My younger brother has recently made it a habit to attend our local mosque in order to pray every fajr and isha prayer. This means that every morning and every evening, he walks up the steps to the masjid to pray with the few brothers and sisters who join in for the same prayers.
Every Friday afternoon, five of my brothers make it a priority to attend Jummah prayer at the local mosque. Every Ramadan, my mother and I go and pray taraweeh with dozens, if not hundreds of other Muslims at our local mosque.
When Eid arrives, we attend morning prayers with hundreds, if not thousands of fellow Muslims celebrating the holiday.
Understand, that I am one Muslim woman, talking about one Muslim family and our relationship with our local mosque.
There are 1.6 billion Muslims around the world, each with their own unique experiences and relationships with their local mosques. So, when we watched as 50 of our brothers and our sisters and our children get shot to death in a local mosque in Christchurch, New Zealand, it’s very easy for us to imagine the same thing happening at our own local mosque because there is so much of us that we see in them.
A worldwide collective of people from all walks of life bound by the same tragedy, terrified, as we saw decades-worth of hatred spewed at our people physically manifest into a violence we cannot contain. And that is the crux that hovers over this entire tragedy. We may spend all the time we want remembering the victims, humanizing the heroes, and praising the white leaders for their responses, but the truth is there is a hatred in this world that haunts Muslims around the globe, and we are learning that open, unchecked, violent hatred only breeds more of the same.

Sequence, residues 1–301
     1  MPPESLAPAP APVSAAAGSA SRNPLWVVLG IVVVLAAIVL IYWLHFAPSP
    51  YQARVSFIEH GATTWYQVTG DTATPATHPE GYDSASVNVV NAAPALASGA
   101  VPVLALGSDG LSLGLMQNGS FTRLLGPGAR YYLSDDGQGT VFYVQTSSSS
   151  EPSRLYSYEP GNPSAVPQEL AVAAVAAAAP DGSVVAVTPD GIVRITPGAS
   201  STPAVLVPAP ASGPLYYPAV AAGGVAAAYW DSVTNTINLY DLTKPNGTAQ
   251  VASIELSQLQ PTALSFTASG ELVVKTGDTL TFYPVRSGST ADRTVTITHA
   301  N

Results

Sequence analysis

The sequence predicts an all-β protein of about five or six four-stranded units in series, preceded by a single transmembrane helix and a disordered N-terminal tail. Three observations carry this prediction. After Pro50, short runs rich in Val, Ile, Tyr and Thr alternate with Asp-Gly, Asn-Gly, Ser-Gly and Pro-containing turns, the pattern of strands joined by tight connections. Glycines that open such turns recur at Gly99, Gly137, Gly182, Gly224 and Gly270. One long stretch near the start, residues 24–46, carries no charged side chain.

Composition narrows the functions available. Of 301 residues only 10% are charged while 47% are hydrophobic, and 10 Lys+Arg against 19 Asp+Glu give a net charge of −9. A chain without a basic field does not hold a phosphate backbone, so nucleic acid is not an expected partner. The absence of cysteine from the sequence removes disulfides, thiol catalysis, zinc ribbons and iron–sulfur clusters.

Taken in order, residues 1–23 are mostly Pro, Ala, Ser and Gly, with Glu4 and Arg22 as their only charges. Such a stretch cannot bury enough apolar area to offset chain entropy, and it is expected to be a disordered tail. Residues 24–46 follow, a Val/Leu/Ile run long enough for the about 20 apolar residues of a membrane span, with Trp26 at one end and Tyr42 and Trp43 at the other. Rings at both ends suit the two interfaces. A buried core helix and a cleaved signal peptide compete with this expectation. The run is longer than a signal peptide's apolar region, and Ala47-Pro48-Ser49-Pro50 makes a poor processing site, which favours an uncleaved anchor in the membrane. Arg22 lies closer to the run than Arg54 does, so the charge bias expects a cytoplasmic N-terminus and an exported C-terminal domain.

The evidence is here for all to witness. The aftermath of the New Zealand mosque shooting saw multiple attacks of mosques across the U.K. and the U.S. Five days after the Christchurch Mosque shootings, five different mosques throughout the city of Birmingham were attacked by currently unknown assailants who reportedly used sledgehammers to smash windows at the masjids. One published article mentioned, “In the week following the shootings, which killed 50 people, hate crimes targeting Muslims in the UK increased by 593 percent, according to the charity Tell Mama.”
Additionally, on the 24th of March, The Islamic Center of Escondido in Southern California reported an attempted arson. A suspect is yet to be found and charged, but they left behind some graffiti referencing the Christchurch shootings they were honoring. A representative from CAIR commented, “It is disturbing enough that some sick individual would attempt to burn a house of worship to the ground, but referencing the slayings in New Zealand is beyond the pale,” Dustin Craun, executive director of the Council on American-Islamic Relations (CAIR) in San Diego, said in a statement.”
If we take anything away from the escalating acts of violence against people of faith, particularly in light of the recent attacks against churches across Sri Lanka, it’s that we cannot succumb to divisive tactics adopted by those determined to hate. After all, innocent lives are at risk.